6. There are four pairs of corresponding angles -- 1 and 5, 2 and 6, 3 and 7, 4 and 8. The students only have to name two of the four pairs.
7. Angles 5 and 4 are alternate interior angles.
8. The justification is: the Same-Side Interior Angle Test Theorem.
9. If two lines are cut by a transversal and corresponding angles are equal, then the lines are parallel (this is the Corresponding Angles Postulate of Dr. Franklin Mason and the U of Chicago).
10. I know this one is identical to the review question, but I kept it anyway. It's easy to forget that same-side interior angles need to be supplementary, not equal, in order for the lines to be parallel. A counterexample should be easy to draw -- just make the same-side interior angles both 60, or any other angle (except 90 -- since they'd still be supplementary as well), and the two lines will end up as intersecting lines.
11. Yes, we have a || b (by the Same-Side Interior Angle Test Theorem).
12. Here's a two-fer: yes, we have both a || b and c || d (by the Corresponding Angle Test Theorem).
13. Yes, we have a || b (by the Two Perpendiculars Theorem, which is also a Parallel Test).
14. No, we don't have enough information to conclude lines are parallel. The trick is that a is perpendicular to d while b is perpendicular to c -- in neither case do we have two lines perpendicular to the same line. It would be easy to draw a, b, c, d with a, d are perpendicular, b, c perpendicular, without any of the lines being parallel.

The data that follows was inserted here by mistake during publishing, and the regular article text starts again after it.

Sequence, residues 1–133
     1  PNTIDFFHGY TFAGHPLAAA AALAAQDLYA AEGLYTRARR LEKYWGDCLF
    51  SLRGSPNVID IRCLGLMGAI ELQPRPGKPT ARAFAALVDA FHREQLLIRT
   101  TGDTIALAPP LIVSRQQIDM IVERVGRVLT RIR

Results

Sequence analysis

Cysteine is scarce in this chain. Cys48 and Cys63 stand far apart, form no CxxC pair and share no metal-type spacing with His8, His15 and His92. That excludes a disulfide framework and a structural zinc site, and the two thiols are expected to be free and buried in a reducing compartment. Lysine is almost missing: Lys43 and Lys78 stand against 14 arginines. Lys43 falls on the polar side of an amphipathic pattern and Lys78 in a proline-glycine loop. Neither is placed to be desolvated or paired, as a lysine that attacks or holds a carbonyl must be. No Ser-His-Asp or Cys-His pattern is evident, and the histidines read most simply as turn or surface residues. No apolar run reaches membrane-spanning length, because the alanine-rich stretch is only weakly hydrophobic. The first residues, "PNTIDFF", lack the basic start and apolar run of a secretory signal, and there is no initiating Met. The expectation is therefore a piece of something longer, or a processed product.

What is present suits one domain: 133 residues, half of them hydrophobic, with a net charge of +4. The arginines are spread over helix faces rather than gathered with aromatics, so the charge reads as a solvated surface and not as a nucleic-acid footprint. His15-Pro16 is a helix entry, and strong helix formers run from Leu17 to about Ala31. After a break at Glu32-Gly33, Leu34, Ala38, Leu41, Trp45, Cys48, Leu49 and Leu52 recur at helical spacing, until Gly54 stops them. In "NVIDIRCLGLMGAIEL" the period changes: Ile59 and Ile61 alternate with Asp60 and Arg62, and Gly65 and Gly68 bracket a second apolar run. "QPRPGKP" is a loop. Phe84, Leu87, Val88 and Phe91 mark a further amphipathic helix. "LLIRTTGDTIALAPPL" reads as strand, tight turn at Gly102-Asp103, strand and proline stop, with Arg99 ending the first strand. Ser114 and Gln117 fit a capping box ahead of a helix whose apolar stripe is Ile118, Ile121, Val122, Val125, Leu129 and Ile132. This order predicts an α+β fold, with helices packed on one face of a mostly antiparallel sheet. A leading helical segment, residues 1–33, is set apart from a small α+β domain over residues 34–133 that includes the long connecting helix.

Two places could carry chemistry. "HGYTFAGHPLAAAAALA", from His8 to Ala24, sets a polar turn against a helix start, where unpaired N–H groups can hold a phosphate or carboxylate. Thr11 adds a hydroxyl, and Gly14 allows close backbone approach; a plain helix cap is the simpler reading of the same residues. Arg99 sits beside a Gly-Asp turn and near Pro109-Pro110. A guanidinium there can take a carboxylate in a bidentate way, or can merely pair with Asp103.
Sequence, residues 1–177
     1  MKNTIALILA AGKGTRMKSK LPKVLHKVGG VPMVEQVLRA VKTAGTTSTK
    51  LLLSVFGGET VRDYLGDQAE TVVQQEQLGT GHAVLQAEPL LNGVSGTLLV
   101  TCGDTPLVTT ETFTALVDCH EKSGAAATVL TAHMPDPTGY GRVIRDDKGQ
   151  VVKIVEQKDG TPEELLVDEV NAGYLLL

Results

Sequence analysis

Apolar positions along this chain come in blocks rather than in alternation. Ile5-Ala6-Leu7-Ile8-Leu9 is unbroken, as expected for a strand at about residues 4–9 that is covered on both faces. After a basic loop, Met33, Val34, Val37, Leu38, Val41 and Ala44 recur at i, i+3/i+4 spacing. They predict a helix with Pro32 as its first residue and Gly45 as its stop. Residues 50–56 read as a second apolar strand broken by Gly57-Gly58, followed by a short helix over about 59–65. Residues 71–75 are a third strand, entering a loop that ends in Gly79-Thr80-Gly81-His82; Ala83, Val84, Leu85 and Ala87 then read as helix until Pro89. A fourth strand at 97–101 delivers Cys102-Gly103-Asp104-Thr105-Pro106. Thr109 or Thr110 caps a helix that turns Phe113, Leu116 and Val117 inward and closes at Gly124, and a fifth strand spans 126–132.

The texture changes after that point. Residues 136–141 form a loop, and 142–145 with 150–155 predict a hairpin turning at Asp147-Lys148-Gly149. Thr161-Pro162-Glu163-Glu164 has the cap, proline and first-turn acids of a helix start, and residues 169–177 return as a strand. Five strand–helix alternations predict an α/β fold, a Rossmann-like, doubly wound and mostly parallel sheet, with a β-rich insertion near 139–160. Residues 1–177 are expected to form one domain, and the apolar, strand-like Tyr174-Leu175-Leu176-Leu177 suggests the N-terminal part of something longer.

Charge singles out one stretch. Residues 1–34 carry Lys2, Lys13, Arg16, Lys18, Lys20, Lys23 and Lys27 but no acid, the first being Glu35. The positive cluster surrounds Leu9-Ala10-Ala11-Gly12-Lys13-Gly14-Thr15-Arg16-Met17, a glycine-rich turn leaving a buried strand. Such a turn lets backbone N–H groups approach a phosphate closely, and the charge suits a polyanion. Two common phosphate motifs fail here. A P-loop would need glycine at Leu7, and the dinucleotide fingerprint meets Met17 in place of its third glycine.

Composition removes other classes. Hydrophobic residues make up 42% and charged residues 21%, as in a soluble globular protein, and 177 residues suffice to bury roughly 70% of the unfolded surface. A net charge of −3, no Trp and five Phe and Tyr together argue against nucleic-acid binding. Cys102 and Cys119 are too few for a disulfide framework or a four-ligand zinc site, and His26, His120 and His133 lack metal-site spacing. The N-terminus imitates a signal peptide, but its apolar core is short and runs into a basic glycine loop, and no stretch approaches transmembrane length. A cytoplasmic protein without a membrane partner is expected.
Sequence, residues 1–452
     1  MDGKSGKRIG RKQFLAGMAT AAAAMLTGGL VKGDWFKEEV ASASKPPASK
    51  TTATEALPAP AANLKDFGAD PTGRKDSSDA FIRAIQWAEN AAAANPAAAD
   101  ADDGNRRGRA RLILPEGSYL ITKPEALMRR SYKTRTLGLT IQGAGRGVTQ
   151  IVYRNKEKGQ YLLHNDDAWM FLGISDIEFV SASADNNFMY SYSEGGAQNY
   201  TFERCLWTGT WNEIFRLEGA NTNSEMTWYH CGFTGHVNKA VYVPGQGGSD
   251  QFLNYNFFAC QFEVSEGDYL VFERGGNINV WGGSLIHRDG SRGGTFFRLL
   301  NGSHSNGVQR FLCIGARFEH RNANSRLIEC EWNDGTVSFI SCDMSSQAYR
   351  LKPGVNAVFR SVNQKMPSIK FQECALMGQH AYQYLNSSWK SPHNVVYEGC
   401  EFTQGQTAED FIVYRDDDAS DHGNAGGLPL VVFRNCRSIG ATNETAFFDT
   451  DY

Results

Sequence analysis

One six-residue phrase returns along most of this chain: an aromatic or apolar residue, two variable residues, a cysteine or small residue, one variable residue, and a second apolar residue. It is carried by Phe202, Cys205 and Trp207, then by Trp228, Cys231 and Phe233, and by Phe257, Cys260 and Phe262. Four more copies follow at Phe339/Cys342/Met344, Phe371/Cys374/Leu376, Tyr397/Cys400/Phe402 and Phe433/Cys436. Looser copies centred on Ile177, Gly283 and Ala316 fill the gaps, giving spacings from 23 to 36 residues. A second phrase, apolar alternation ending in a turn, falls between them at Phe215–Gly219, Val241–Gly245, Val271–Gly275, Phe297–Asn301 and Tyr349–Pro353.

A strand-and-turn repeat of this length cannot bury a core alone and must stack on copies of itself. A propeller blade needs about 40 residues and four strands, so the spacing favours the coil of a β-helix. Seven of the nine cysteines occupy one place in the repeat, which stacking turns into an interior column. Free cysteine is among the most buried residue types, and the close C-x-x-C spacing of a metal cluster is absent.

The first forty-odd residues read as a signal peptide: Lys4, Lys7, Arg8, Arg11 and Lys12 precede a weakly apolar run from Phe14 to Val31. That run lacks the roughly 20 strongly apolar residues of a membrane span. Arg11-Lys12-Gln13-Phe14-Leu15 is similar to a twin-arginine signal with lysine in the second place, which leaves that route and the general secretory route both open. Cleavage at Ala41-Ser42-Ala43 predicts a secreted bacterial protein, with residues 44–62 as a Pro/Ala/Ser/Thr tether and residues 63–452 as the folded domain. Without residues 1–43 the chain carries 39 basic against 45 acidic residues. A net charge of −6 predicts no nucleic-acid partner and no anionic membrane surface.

15. Due to formatting issues, I write this as a paragraph proof, but students should still write this as a two-column proof. But this one's easy: we are given that angles 3 and 8 are equal. These are corresponding angles, and therefore by the Corresponding Angles Test Theorem, m || n. QED
16. Notice that this one is basically the same as Question 12, except reflected (or rotated, depending on your perspective). We are given that angles 2 and 4 are equal, and angles 4 and 7 are equal. So, by the Transitive Property of Equality, angles 2 and 7 are equal. These are corresponding angles, and therefore by the Corresponding Angles Test Theorem, lines AB and CD are parallel. QED
17. Here's one of my favorites! We are given that the reflection of A is B, so by the definition of reflection, m is the perpendicular bisector of AB, so m is perpendicular to line AB. Similarly, the reflection of C is D, so by the definition of reflection, m is the perpendicular bisector of CD, so m is perpendicular to line CD. Therefore, by the Two Perpendiculars Theorem, lines AB and CD are in fact parallel. QED (Notice that in a way, these last few questions are previews of Chapter 5 -- we see that ABCD is an isosceles trapezoid.)
18. The converse is: if the lines are parallel, then same-side interior angles are supplementary. This is another preview, as the converses of the Parallel Tests -- the Parallel Consequences, are coming up.
19. This is our only true U of Chicago Chapter 4 question -- by the Segment Symmetry Theorem, the two lines of symmetry are the perpendicular bisector and the line containing the segment. This is yet another preview, because we'll find out soon that any figure with two intersecting lines of symmetry must have rotational symmetry as well.
20. The justification is: rotations preserve distance. This is basically the same as Question 2, except that the vertices are lettered differently and there is no accompanying pictures. Hopefully students will recognize this and get this question correct!